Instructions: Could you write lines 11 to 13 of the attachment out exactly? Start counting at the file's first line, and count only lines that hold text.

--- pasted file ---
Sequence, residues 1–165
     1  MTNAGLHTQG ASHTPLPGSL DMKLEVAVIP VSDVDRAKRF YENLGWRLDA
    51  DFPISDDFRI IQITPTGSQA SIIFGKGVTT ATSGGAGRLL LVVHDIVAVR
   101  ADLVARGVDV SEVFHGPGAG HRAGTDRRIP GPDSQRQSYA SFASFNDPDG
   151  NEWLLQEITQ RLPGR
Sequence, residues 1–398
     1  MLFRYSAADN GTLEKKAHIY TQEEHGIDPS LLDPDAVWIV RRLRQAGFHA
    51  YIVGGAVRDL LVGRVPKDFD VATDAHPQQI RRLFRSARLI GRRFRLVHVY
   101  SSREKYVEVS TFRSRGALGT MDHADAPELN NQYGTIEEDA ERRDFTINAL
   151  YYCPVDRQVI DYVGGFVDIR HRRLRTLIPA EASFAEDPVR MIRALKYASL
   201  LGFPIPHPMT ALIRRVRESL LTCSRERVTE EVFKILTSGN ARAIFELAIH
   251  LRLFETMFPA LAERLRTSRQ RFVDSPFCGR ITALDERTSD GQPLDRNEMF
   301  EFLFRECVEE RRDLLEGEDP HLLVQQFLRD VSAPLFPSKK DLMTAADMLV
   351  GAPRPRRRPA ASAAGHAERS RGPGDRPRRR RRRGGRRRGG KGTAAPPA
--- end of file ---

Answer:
   201  LGFPIPHPMT ALIRRVRESL LTCSRERVTE EVFKILTSGN ARAIFELAIH
   251  LRLFETMFPA LAERLRTSRQ RFVDSPFCGR ITALDERTSD GQPLDRNEMF
   301  EFLFRECVEE RRDLLEGEDP HLLVQQFLRD VSAPLFPSKK DLMTAADMLV